It’s always impressive when a director manages to translate the sensibility of a musician visually. It showcases another dimension to both artists’ work but from within a new form. Stefano Ottaviano captures the euphoric, life-affirming feeling that accompanies Diplo’s track One By One with a music video celebrating an individual’s journey of self-expression and freedom. Shot across multiple sets and through an almost 2001: A Space Odyssey-esque lighting evolution, Ottaviano impressively manages to match Diplo’s iconic sonic prowess. DN spoke to the Cardel director about the challenges of capturing these themes, maintaining a DIY aesthetic on a professional level, and working with Diplo and his label to bring it all to life.

When you first heard Diplo’s song, what were you drawn to? Did you have any concepts for visuals at that stage?

The first time I listened to the track, I felt like I was levitating. I imagined myself walking on this flat surface with essentially nothing on it. As the song progressed, my walking pace increased to the point where I was able to fly and get lost in the universe. That’s what I felt the first time I heard the track…

The paragraph above comes from the actual pitch. Usually, the first time I listen to a track, I establish a visual connection with what the video will look like. For this track, I didn’t have a visual idea, but I feel that I had a stronger concept to shape the visual with.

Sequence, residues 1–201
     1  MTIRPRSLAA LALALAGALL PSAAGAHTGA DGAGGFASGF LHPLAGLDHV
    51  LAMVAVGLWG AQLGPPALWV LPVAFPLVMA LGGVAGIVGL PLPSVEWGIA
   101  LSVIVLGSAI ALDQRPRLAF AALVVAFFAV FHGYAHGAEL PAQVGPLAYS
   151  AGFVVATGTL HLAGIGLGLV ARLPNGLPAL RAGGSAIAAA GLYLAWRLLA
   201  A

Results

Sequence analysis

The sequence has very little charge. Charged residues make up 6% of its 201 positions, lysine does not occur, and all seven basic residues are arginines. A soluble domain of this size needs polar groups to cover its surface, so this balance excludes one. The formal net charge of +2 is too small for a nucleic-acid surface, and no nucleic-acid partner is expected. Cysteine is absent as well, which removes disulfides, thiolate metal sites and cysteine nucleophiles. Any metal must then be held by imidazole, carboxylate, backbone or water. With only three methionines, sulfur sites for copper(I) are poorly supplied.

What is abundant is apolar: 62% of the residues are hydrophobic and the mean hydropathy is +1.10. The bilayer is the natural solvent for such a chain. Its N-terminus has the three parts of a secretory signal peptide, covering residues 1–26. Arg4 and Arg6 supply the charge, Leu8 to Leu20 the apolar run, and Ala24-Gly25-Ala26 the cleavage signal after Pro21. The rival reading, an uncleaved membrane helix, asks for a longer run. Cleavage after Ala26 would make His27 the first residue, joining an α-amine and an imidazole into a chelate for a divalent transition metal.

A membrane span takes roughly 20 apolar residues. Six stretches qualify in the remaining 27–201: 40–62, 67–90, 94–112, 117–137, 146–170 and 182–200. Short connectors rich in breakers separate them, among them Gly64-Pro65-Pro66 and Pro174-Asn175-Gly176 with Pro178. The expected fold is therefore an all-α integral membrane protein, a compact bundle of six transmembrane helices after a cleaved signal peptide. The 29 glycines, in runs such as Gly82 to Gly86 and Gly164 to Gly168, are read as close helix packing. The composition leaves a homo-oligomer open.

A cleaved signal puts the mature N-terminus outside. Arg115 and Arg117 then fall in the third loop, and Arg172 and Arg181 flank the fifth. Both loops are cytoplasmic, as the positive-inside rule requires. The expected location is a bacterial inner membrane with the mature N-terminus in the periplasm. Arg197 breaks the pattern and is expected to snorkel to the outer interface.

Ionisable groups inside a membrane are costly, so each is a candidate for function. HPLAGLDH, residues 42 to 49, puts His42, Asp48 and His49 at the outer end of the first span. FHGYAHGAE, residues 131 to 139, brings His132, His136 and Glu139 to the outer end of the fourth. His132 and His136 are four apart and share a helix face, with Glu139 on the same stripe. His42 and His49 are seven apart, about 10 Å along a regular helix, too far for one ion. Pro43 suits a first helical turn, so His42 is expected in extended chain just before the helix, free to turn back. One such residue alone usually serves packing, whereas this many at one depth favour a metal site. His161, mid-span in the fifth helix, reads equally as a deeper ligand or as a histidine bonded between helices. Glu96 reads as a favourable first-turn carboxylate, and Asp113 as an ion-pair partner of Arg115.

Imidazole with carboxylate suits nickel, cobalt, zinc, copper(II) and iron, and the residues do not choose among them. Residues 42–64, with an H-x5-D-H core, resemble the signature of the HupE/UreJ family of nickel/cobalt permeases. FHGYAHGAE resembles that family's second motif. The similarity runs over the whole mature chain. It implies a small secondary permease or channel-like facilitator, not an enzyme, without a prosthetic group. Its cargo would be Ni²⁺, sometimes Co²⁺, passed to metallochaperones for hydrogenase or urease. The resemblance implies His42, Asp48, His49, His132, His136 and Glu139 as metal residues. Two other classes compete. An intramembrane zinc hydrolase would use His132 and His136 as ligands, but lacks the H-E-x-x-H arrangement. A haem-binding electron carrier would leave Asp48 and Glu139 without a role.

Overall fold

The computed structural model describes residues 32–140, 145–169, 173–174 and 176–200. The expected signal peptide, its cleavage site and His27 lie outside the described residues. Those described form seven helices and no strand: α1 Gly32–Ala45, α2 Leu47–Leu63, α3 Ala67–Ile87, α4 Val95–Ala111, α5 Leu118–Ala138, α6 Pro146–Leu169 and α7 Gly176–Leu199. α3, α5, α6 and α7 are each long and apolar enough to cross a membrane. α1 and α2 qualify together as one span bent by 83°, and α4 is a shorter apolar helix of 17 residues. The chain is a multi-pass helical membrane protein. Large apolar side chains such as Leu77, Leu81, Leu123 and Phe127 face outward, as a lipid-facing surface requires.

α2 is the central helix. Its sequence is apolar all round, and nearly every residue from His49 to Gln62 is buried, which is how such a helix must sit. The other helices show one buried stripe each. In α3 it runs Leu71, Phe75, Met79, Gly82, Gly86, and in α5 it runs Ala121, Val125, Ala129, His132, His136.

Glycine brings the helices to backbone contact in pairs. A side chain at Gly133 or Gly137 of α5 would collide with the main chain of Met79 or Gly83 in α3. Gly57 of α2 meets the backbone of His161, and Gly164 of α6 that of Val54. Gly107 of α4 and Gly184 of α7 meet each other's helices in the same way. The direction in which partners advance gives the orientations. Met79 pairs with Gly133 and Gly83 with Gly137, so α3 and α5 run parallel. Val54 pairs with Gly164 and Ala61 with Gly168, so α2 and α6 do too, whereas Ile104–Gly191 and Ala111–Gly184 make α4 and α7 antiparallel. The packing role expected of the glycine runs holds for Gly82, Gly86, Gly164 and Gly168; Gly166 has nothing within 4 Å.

How much influence did Diplo have on the video? Did he have any ideas that made it into the final cut?

Diplo and the music label were aligned from the very first moment we submitted the idea. The brief we received was extremely powerful and detailed. So, yes, I believe part of the initial inspiration came from Diplo and his team, and they fully trusted me throughout the execution process. They were aware of the complexity of the piece and placed their trust in us during the execution. Having such good chemistry doesn’t really happen very often in these kinds of creative collaborations.

The overarching theme, to me, seems to be evolution, freedom, or a constant change, how did you look to convey that visually?

I’ve got to say I’m extremely glad you capture the core meaning of the video. Here I’m quoting the initial brief from the label so you can fully understand what they were looking for:

“The moment when an idea becomes more than just an idea. The moment where you take control by turning that idea into action. The spark is what makes you quit your job to chase your dreams. The spark is what makes you drive into the desert and throw a rave on top of a cliff. The spark is the moment that you realize how you can change the world. How do we capture that spark?”

And I simply responded to the brief that in order to change the world we have to change ourselves first. I completely believe that, in order to change the world, it is us that first needs to change. And how do we change ourselves?

I completely believe that, in order to change the world, it is us that first needs to change.

After asking our good friend Google and through my experience of speaking with therapists, everyone suggests that the change happens over time and with a great amount of effort. But, it is definitely possible for every single one of us, And how do we do it? By simply solving problems step by step. Following day to day exercises that will help to improve yourself. Start small (the little dot inside yourself) and that will lead to a big picture (space that in a way represents the biggest thing we know). Start by opening your eyes, which will lead you to stand up, then walk, then run, and eventually fly. This concept brings us to the concept of our video.

I broke down the process of reinventing yourself into seven steps. Look outside yourself. The visual representation is our character looking at herself walking into an empty field. I wanted to convey the feeling of a reset, almost as if we were starting from the beginning. Look outside yourself and act without fear of being judged.